Driving in a foreign country can be a fascinating experience. There’s a lot that’s different, a lot that’s the same, and depending on where you are, those two may be very different. Fortunately, I’ve learned a lot travelling the world, and I’m eager to share what I know to help people out.
My first bit of advice is to try not to drive in the first place. I’ve found that countries tend to be much more enjoyable when you’re not wondering about traffic safety and being on the right side of the road. Still, if you really must drive, there are things you need to keep in mind.
First, use the Internet. Traffic rules in one country do not always line up with that of another. You’ll want to know the differences, including small details.
Second, remember what the lights stand for. Red means stop. Green means go. These are universal, though sometimes you might see blue instead of green. This is particularly common in Asia, where the genetic mutation required to see certain colours is less common.
The third tip is that, if you can manage, you should really find a traffic manual on the country you’re visiting. If possible, keep it to only one country and not try to master the rules of the road on more than one nation.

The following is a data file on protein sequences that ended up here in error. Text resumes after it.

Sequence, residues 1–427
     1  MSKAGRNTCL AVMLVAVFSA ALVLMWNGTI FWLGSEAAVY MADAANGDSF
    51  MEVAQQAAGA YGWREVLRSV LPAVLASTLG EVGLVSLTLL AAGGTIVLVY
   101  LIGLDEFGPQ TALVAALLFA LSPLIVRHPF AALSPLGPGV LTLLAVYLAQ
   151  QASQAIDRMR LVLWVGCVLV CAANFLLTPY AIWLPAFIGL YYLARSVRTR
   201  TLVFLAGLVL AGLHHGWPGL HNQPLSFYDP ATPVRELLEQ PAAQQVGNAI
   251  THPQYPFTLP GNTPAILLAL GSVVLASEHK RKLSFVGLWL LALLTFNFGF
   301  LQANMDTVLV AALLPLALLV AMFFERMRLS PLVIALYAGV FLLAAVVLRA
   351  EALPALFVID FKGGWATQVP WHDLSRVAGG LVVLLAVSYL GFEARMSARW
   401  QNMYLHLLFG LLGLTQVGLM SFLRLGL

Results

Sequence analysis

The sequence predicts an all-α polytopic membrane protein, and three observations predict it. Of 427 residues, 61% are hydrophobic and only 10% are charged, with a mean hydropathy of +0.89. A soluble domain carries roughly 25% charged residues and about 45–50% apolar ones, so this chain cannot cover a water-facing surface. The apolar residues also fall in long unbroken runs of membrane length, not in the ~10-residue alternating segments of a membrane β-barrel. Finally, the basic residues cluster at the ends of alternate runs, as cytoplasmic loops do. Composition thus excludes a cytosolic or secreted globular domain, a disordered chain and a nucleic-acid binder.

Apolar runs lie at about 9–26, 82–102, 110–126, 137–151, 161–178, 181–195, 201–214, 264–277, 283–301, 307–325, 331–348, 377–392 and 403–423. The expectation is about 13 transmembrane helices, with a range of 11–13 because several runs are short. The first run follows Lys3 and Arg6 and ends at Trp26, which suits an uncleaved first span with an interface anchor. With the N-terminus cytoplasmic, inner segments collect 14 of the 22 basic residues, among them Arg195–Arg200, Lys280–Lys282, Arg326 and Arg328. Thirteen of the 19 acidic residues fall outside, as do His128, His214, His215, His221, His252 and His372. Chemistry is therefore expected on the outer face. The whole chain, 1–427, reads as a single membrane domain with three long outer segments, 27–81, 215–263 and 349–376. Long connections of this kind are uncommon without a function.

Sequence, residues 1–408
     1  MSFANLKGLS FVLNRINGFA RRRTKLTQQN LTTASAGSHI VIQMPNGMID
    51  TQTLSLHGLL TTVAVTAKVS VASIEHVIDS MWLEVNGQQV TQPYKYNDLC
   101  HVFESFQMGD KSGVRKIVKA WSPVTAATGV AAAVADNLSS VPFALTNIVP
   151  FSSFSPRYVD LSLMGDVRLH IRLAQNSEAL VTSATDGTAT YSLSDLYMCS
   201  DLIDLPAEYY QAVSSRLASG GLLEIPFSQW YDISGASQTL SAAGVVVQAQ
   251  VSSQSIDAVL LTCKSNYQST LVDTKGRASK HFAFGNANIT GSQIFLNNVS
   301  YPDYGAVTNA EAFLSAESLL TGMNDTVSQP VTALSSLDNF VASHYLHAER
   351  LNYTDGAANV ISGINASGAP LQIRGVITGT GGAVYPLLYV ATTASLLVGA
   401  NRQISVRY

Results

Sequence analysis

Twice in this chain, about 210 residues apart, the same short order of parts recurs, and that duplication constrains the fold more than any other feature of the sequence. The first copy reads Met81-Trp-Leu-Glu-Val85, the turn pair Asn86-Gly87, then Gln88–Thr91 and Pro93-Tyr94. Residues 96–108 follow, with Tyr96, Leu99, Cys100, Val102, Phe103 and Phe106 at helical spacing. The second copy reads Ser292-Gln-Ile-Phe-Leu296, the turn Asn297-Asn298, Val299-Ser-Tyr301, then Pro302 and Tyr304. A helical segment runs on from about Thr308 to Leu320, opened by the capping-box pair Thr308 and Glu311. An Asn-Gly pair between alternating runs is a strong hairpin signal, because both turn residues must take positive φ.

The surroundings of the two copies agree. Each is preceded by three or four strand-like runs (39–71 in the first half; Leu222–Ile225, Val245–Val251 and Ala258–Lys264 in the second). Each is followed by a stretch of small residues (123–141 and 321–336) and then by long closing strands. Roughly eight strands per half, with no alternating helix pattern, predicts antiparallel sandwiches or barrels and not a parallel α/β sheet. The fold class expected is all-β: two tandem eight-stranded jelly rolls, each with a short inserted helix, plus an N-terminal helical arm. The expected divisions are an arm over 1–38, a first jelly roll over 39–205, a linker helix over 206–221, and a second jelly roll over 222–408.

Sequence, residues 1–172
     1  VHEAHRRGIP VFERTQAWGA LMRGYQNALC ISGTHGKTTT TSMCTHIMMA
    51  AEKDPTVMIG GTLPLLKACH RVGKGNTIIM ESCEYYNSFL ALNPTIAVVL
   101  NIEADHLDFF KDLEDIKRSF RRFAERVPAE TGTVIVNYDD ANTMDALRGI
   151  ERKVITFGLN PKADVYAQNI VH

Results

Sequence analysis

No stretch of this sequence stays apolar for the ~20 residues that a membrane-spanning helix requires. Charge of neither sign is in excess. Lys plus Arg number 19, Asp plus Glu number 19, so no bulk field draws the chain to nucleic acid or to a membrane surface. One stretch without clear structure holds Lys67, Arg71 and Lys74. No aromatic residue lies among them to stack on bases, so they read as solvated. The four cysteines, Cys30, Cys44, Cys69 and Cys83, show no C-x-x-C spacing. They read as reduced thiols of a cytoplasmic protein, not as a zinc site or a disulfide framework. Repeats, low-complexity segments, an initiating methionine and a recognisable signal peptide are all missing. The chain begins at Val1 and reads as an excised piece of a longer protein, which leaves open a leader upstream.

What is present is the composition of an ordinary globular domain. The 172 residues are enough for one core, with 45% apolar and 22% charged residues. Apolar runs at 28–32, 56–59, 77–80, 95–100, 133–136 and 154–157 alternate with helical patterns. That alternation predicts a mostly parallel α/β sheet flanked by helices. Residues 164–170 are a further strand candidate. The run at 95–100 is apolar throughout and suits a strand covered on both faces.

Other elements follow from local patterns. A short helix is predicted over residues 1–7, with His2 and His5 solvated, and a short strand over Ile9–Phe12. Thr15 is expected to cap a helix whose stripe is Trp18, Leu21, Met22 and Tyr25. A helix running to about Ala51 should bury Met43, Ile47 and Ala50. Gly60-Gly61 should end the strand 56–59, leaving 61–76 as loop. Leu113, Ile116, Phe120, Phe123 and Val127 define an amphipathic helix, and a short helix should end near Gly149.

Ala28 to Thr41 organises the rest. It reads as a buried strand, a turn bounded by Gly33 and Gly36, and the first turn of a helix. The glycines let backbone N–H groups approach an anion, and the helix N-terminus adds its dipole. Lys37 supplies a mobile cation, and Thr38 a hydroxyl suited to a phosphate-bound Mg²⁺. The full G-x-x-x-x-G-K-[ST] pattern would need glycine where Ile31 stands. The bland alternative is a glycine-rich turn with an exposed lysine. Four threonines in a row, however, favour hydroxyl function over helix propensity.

Learn the local driving culture. That’s my fourth tip. Yes, most countries share the same traffic laws and regulations. It makes it easier for drivers from one land to move around in another. It’s what makes international driver’s licenses possible.
However, there are differences to keep in mind. The British “drive on the wrong side of the road,” as Americans put it. For the Japanese, yellow lights still mean slow down, not speed up so you’re not on the wrong side of a red light. These details matter and you should learn them.
Finally, consider getting insurance. This comes in handy if you ever find yourself in need of a tow like I did back in Perth that one time. You can check the website of the guys I called; they do good work and my insurance paid for things.